Felled in 1951 by the Shot Heard Round the World, rocked hither and thither by World Series agony and ecstasy (damn Yankees!), and left for dead at decade’s end when California’s Midas finger beckoned their Dodgers westward, Brooklynites had it rough in the post-WW II years. So rough, posits Deuces Wild (MGM, in general release), that their orphan boys lashed out in that first Dodgerless summer of ’58 with every brand of violence at their disposal: physical (baby-faced toughs deprettify each other with rocks), emotional (emasculated toughs screech at deh muddahs), linguistic (swollen-tongued toughs assassinate consonants, torture vowels). Hulking homunculus Bobby (Brad Renfro—what happened?!) is the youth most at risk, his puffy face bunched in a cauliflower of constipated rage. Amid this desert of the dispossessed, big bro Leon (Stephen Dorff) tries to keep his ragtag gang in line against the suggestively monikered Marco Vendetti (Norman Reedus), who’s fresh from stir and itching to powder-dust the ‘hood. Controlled substances would seem to be exactly what these jumpy JDs need, but Leon thwarts Marco’s community-service efforts with fists and speeches—the movie’s anti-drug message glints as blindingly as the acres of theme-diner chrome. Director Scott Kalvert, apparently purging a morbid fixation on The Outsiders‘ rumble scene (Matt Dillon plays a supporting role), unleashes an endless chain reaction of cartilage-crunching, organ-pulping brawls. A flashback to a heroin casualty on a rain-soaked playground is a crucial visual aid, but any punch-drunk victim of Deuces Wild might prefer the needle to the damage done.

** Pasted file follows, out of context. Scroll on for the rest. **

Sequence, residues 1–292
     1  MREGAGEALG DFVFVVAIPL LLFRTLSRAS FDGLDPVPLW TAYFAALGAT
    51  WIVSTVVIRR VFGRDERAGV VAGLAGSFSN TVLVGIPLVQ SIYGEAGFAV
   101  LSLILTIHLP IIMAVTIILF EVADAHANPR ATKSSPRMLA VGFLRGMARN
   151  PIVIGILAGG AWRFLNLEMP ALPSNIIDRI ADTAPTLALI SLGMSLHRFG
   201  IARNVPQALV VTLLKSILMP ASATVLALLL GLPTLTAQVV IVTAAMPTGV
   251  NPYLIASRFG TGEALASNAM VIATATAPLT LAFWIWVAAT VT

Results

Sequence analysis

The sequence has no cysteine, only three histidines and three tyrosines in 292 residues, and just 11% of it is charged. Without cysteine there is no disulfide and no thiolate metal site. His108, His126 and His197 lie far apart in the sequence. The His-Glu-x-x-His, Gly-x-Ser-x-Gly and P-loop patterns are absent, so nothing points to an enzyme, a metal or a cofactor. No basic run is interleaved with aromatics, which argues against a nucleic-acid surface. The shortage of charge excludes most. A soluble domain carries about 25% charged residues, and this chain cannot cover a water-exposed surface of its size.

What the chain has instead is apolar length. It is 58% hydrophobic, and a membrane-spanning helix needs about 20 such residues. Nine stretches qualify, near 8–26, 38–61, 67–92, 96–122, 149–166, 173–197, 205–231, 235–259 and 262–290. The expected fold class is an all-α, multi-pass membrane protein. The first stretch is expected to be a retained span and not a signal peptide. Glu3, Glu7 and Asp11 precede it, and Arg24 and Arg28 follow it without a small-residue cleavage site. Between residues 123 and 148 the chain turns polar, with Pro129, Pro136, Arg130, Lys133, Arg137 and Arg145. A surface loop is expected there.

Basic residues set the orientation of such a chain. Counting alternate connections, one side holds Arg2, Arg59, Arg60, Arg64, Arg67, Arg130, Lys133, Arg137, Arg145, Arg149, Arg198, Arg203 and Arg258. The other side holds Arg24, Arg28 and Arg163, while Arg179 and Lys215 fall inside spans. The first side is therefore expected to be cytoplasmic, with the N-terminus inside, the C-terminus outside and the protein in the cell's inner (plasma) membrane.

This article from the Village Voice Archive was posted on May 7, 2002